Hey there checkyourlogs.net fans!

Today I needed to ping sweep an entire subnet from a Windows Server 2012 box. Simple, right? There are plenty of free and paid tools out there ready to perform this task. My dilemma was, and is, I don’t want to install additional software, no matter how small and tight, on servers. Especially anything requiring additional licensing or support software such as, GASP, JAVA. Nope, nada, not on my watch. Keep server configurations clean and concise is my motto.

What to do? My need still existed, and oh, by the way was fairly urgent. PowerShell to the rescue!


The original idea for this code comes from a blog post offered a few years ago by my friend, PowerShell MVP Jeff Hicks. I tweaked the code for my current needs, adding variables as required and sending the results to a .csv file easily imported int Excel where sorting and filtering is easy. I added comments explaining the purpose of each variable. No need to rehash those. Here’s the code in action.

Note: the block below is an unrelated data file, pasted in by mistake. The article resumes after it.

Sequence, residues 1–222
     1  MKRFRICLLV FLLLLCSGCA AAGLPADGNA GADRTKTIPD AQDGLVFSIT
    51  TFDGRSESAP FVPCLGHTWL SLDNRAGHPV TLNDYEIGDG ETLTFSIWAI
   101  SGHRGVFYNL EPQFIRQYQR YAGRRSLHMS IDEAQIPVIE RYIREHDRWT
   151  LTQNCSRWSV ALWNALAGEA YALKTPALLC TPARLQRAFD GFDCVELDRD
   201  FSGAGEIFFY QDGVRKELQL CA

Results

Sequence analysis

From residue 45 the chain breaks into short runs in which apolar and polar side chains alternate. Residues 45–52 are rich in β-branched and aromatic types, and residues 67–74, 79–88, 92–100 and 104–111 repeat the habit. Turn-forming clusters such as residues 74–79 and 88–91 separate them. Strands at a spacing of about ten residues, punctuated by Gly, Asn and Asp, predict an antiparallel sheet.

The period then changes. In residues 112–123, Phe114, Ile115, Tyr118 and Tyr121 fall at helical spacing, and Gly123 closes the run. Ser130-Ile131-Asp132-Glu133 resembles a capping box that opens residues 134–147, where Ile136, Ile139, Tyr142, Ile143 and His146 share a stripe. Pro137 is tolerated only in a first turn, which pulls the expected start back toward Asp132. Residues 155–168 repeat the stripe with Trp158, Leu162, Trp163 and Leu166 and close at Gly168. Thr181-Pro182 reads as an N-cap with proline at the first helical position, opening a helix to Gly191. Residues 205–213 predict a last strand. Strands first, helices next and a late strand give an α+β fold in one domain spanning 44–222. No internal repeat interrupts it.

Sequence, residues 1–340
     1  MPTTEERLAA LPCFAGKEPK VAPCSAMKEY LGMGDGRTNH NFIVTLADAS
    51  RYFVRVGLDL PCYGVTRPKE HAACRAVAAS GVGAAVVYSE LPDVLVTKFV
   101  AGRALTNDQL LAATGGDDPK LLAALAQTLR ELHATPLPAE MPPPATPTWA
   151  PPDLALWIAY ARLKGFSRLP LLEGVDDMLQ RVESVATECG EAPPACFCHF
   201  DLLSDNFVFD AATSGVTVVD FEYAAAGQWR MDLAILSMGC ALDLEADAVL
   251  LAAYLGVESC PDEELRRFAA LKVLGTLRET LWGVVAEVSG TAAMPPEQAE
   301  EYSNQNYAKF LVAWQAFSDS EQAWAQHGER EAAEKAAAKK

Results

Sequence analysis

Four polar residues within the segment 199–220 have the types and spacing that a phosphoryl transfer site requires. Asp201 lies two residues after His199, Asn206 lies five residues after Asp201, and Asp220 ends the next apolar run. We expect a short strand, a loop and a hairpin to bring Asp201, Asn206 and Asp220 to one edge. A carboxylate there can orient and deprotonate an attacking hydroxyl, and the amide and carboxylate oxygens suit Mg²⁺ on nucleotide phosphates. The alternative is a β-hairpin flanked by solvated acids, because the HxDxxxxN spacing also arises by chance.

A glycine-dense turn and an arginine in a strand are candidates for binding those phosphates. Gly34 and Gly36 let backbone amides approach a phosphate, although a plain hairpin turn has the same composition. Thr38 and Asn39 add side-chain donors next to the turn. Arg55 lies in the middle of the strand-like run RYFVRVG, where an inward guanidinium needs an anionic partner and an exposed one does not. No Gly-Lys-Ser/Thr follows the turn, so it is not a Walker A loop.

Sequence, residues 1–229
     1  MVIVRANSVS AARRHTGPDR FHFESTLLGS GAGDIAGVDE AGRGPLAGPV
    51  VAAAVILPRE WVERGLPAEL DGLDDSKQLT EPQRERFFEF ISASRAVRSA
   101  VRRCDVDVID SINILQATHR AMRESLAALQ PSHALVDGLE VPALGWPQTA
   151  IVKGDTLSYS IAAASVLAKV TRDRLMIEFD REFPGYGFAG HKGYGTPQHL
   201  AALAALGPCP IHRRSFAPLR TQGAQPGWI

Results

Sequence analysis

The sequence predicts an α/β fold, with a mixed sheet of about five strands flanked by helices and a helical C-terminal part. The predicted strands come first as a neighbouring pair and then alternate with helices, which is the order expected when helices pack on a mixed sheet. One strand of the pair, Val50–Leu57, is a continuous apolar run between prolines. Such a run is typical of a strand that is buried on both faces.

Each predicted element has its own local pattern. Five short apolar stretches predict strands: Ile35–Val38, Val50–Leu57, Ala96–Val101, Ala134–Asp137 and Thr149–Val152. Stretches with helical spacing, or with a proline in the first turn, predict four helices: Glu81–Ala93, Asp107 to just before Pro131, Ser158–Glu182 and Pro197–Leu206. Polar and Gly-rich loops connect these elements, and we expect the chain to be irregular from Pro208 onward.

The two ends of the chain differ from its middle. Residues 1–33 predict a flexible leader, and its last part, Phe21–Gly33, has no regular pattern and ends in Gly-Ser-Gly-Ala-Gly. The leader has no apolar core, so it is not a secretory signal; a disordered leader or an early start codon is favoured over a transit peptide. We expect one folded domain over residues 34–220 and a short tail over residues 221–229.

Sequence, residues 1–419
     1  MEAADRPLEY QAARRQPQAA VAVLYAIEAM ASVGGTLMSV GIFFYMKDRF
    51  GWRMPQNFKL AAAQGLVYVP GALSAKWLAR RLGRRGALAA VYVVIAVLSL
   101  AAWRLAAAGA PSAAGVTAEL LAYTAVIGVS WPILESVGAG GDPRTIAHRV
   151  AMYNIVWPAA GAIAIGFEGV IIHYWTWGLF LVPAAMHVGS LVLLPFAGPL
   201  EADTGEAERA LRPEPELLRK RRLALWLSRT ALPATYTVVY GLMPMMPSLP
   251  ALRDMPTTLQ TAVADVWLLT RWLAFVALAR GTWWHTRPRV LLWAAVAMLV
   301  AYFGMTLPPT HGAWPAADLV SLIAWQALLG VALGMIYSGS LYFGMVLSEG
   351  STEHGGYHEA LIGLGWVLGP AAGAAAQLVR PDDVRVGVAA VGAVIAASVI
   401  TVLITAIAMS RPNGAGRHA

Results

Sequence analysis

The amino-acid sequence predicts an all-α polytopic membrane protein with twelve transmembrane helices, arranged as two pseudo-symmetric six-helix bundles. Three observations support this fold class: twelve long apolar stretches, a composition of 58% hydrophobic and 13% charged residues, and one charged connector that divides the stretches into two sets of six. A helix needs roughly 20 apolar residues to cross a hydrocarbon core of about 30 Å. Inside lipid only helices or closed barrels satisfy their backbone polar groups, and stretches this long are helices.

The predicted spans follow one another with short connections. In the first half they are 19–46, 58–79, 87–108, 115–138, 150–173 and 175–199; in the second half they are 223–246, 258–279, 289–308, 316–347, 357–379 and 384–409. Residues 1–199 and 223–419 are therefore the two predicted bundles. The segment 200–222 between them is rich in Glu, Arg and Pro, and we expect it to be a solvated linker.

Those looking closely, probably notice one screenshot uses VSCode, while the other leverages the good ‘ole ISE. The server I ran this script on is 2012 R2. The ISE was already installed. The ISE proved once again that old doesn’t mean useless. The ISE ran this ping sweep code without missing a beat.

Don’t worry, I won’t make you retype the code from a screenshot. Here it is in easy to cut and paste form, ready for work.

# Subnet identifier for ping sweep
$subnet = "10.113.4"

# Host IP to start ping sweep
$start = 1

# Host IP to finish ping sweep
$end = 254

# Number of times to attempt each ping
$ping = 1

# Path and filename for results file
$OutPath ="C:\Temp\Output.csv"

While ($start -le $end) {
$IP = "$subnet.$start"
$Test = Test-Connection -ComputerName $IP -count $ping -Quiet
Write-Host "$IP,$Test"
Add-Content -LiteralPath $OutPath -Value "$IP,$Test"
$start++
}

The code in this post, by design, is quite unrefined. My goal is showing how a little PowerShell goes a long way in helping us IT Pros get our jobs done, day in and day out. In coming blog posts, I’ll refine this code into a function, add parameters, and even add it into my custom “ITPro Toolkit” PowerShell Module. These mods, among other things, will allow us to look for specific results, such as just hosts responding to our pings.

Thanks everyone! I hope this code helps in your day to day IT troubleshooting challenges!

John Sr.

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